Rarely Glimpsed Shark That Lives For Centuries Unexpectedly Surfaces in Caribbean

According to a recent marine research, biologists were taken aback when they discovered a bizarre cold-water shark thousands of kilometers away from its native environment. In the tropical Caribbean Sea, a Greenland shark—the longest-living animal on Earth—was found.

According to a report that was just released in the scientific journal Marine Biology, the enigmatic shark was met by researchers as they were temporarily tagging and capturing tiger sharks off the coast of Belize.

When the researchers returned after monitoring and studying tiger sharks in Belize's protected Glover's Reef Atoll, they discovered that their line had traveled several miles out from the coral reef and into seas as deep as 2,000 feet.

They were shocked to discover the old Greenland shark when they recovered their scientific capture. Hector Daniel Martinez, one of the researchers, noted, "It looked very, very old," highlighting its home in the deep oceans.

The scientists initially thought it may be a sixgill shark, a common deep-sea predator, but after taking pictures of the seldom seen creature, they were able to determine that it was "most likely" a Greenland shark.

According to Devanshi Kasana, a biologist and Ph.D. candidate at Florida International University's Predator Ecology and Conservation lab, "we suddenly saw a very slow-moving, sluggish creature under the surface of the water," Mashable reported. It appeared to be something that would have existed in the Paleolithic era.

According to the National Ocean Service, greenland sharks have the longest longevity of any animal on Earth, ranging from 250 to 500 years.

The sharks are seldom spotted or captured on camera, and very little is known about their extraordinarily lengthy lives. They spend their days thousands of feet beneath in complete darkness. They mature, grow, and migrate gently down in the water. Their slow-moving, energy-saving way of existence is a vital adaptation to the nutrient-poor deep water.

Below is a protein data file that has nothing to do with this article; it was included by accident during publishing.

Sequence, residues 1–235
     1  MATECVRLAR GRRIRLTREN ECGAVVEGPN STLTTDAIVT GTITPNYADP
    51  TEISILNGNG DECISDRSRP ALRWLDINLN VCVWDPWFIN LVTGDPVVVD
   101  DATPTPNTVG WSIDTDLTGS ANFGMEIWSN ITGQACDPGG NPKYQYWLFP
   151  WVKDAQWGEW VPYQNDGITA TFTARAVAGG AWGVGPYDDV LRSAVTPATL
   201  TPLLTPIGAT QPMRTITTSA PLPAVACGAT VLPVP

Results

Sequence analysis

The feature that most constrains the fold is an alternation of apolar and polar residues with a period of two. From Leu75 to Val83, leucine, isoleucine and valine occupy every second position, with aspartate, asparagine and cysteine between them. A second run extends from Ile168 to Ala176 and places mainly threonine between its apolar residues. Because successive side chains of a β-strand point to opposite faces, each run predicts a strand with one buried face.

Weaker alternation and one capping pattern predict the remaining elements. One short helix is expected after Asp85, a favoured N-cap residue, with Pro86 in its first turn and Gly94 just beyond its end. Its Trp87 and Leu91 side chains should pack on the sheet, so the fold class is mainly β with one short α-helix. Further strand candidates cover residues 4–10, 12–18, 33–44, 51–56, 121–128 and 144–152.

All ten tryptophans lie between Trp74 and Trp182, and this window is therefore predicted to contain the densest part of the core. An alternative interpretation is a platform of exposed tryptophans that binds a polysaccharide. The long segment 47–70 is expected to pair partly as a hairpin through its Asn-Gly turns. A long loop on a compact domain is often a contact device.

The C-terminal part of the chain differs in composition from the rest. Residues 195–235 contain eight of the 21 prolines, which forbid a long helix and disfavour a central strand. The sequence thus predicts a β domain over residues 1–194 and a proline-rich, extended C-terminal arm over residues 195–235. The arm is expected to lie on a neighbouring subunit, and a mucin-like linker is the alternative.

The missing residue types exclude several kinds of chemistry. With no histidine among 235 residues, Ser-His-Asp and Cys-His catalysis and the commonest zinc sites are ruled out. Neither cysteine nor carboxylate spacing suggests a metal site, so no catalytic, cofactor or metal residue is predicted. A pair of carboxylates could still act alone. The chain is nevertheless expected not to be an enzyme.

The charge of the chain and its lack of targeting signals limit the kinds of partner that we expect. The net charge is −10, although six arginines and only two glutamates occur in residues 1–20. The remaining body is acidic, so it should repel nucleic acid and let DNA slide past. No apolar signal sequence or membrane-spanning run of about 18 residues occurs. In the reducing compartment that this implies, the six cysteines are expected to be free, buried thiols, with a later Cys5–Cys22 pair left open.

It was surprising but logical to see a Greenland shark close to a coral reef off the coast of Belize. These enigmatic sharks may live in the Caribbean or other deep-ocean locations, yet they are found in the Arctic's deep waters.

The slope of the neighboring reef descends to depths of up to 9,500 feet, providing Greenland sharks with a frigid and gloomy habitat.

The discovery begs the issue of whether this specific Greenland shark lived a significant portion of its life in the deep tropical waters of the Caribbean or moved there from Arctic seas.

It's still a mystery, but it's quite likely that more of these mysterious animals lurk in the Caribbean's shadowy depths, out of sight of human sight. "I doubt it's the only one," Mashable was informed by Demian Chapman, the Mote Marine Laboratory and Aquarium's head of Sharks and Rays Conservation Research.

"It takes them over a century to find love."

The finding of this Arctic shark serves as a reminder that the ocean and its ecology are still mainly uncharted territory. The deep waters are still largely uncharted territory.

A 2020 research used genetic analysis to identify two geographically distinct populations of Greenland sharks: one group inhabits seas in the North Atlantic Ocean between Svalbard and Nova Scotia, close to Norway, and the other group swims around Canada's Baffin Basin, above the Arctic Circle.

Being mostly scavengers, greenland sharks consume everything, including fish, seals, polar bears, and whales, both dead and living.

Though they barely grow up to 0.4 inches (1 centimeter) every year, some can reach a length of 24 feet and a weight of 2,645 pounds (1,200 kilograms).

Greenland sharks don't become sexually mature until they are at least 134 years old, per a 2016 research.

According to Julius Nielsen, a coauthor of the research, "they have to wait more than 100 years to get laid—I'm sure they're not happy about that," New Scientist reported in 2016.

This article was originally published by Business Insider.